Great, but what's going on?

Is it paranoia if they really are out to get you?

There's a sound I am coming to loathe:

DvvvvvvvTT (click)
DvvvvvvvTT (click)
DvvvvvvvTT (click)
DvvvvvvvTT (click)
DvvvvvvvTT (click)
DvvvvvvvTT (click)
DvvvvvvvTT (click)
DvvvvvvvTT (click)
DvvvvvvvTT (click)

The sound of a failing hard drive.

This is not helped by your beloved telling you that she's not been backing up her data onto the memory stick she asked for because she wanted to ask a question about how to do something first.

If the worst comes to the unlikely worst, I'll have probably lost everything done between July/August and last week, which is enough to be annoying, but not insurmountable. Ironically, the other SATA HDD that I thought was dead (I left it in the case, disconnected) appears to work fine, although I'm not sure I dare trust it now.

To cap it all off this morning, I brought the Mac home for the weekend, and when I got in this morning I plugged it in and it wouldn't recognise the external hard drive I use for backup or the mouse.

Not cool. Not cool at all.

It has now begun working, after plugging in directly and not through the hub (where it was always fine before) but I'm not a happy bunny. Like I said before, USB implementation in the macbook just stinks, and they didn't even provide firewire in this iteration.

On a different, though related, note: Ben has been at home for a few days last week with a nasty infection. Head and neck aches, sore throat, sickness and dizziness. I've a feeling Chris and I have had a mild version of what he's been through, and that has made me less robust and more down than usual, hence my outburst about the Macbook on Friday. This doesn't remove anything from the facts I described, but it does leave me able to cope with it's shortcomings better. Also, although I wasn't consciously worried, because of my mother being back in hospital again (myasthenia this time, quite a nasty bout) my subconscious may ave been getting grumpy at me and the world in general.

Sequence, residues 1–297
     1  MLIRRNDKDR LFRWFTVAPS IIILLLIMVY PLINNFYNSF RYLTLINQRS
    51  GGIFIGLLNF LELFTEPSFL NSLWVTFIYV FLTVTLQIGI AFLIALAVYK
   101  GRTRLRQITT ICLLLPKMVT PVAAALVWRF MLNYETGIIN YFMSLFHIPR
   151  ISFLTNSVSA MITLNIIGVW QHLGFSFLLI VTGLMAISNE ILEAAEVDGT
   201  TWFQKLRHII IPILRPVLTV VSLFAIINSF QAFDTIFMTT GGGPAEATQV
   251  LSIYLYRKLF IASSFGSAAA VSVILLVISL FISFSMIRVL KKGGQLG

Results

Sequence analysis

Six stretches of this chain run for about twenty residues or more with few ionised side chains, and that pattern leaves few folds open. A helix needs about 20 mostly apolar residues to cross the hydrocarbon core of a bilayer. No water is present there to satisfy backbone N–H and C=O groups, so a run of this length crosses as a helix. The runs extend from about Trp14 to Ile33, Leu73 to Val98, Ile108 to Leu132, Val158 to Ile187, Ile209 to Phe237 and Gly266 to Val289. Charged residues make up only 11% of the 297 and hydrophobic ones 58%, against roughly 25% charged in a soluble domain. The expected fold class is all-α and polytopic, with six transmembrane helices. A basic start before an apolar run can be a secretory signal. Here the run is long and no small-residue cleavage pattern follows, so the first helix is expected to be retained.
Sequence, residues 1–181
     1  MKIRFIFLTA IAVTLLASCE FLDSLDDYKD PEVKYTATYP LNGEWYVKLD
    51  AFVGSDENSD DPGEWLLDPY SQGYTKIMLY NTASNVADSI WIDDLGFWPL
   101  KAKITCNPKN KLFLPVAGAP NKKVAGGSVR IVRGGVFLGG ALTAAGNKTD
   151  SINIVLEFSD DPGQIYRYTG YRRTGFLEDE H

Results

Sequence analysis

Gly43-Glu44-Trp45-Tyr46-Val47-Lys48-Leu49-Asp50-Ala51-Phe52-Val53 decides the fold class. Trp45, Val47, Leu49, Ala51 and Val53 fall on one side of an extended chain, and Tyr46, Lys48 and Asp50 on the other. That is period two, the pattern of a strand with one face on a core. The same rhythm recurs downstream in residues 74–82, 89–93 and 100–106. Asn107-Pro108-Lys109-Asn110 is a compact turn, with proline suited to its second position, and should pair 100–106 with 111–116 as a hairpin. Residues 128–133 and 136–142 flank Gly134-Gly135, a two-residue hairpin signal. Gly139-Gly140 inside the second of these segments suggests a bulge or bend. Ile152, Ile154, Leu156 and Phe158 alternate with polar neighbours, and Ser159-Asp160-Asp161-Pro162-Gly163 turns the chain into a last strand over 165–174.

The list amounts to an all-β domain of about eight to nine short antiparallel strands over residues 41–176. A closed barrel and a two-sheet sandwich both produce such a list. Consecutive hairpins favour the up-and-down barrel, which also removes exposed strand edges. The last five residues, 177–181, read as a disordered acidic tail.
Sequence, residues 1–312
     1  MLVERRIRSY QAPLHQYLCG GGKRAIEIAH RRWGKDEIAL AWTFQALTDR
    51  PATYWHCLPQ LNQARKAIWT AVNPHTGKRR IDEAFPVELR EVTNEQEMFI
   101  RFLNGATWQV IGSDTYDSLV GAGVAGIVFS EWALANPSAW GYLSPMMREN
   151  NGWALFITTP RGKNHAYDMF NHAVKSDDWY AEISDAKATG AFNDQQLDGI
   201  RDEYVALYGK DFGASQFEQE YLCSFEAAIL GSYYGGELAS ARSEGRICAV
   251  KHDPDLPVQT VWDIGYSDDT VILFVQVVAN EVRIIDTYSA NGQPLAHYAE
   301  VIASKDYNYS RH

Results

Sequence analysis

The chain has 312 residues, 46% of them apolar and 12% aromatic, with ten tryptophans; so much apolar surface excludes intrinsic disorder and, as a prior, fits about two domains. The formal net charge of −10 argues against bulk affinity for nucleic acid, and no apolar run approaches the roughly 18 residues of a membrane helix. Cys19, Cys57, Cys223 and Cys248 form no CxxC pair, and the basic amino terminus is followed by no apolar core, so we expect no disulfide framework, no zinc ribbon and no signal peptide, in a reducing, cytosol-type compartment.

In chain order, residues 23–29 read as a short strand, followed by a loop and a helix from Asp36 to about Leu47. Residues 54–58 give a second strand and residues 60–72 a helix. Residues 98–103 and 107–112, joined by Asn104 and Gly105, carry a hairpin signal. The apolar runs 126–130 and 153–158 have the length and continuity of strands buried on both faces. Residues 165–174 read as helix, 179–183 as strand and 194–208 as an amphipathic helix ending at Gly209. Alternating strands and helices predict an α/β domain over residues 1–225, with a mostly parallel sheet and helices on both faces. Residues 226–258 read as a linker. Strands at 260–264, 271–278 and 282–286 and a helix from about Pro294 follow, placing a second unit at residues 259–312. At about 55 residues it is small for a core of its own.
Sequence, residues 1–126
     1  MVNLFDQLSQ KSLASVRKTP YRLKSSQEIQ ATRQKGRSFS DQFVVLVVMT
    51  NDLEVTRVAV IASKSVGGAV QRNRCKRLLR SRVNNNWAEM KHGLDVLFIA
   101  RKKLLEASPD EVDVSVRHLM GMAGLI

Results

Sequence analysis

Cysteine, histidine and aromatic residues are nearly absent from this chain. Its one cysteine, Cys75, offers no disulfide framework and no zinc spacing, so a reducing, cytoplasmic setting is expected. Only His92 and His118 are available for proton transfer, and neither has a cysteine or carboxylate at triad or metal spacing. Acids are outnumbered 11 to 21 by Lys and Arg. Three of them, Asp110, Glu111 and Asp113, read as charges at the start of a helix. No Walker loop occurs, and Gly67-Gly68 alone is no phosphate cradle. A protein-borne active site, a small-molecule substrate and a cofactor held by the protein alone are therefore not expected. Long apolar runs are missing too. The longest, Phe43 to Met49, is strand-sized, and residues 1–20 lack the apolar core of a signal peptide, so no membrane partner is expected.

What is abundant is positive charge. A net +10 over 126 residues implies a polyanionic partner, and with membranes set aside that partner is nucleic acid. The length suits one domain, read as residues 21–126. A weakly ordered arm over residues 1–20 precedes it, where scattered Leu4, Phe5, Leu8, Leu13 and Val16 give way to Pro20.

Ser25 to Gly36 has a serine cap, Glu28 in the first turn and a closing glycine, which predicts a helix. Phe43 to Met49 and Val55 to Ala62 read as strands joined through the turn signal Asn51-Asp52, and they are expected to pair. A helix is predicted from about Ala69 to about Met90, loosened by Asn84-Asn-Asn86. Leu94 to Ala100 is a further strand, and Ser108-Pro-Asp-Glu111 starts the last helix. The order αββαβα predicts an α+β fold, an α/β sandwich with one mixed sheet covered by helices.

Anyway, they say 'where there's life there's hope', which goes to show how easy it is to make up glib mottos and catch phrases.

Sunday, 25 October 2009

It's funny sometimes.

You go to church, come away feeling down like something's badly wrong, yet you can't put your finger on why. Then reading a book during lunch you just feel God talk to you, kind of stand you up, dust you off and tell you to get on with it.

I don't know how I can keep going like this really, but I need to. Not leastly it makes me ask the question "if I'm meeting God outside church more than I am inside, why am I still going?" The reason is because I've been told to, and I'm having to cling to that with white knuckles like a man on a rock in a heavy sea.

Friday, 23 October 2009

Armageddon it.

To all our friends in Canada

Saw this and though of you.....

Hope the winter isn't too bad this year.

I also found this - looks old:

I'm getting to the point with the Mac where I want to chuck it through a window.

There was an update a day or so ago that was supposed to fix an issue some users had with stalled hard discs. Well, I don't know what else it's supposed to do, but my external hard drive seems to go to 'sleep' more frequently and takes longer to wake now (cue frozen computer for several seconds before the beachball eventually drags it's lazy butt onto the screen as the disc starts to spin up). Also moving 'word' windows around on screen has become jerky, with a second delay between dragging the window and it moving. And finally, I plugged in an external memory card reader yesterday and now the right mouse button doesn't work! I have become used to mouse settings being reset whenever other USB devices are plugged in (mouse suddenly becomes incredibly slow) but all the usual tricks like unplugging or restarting hasn't fixed it.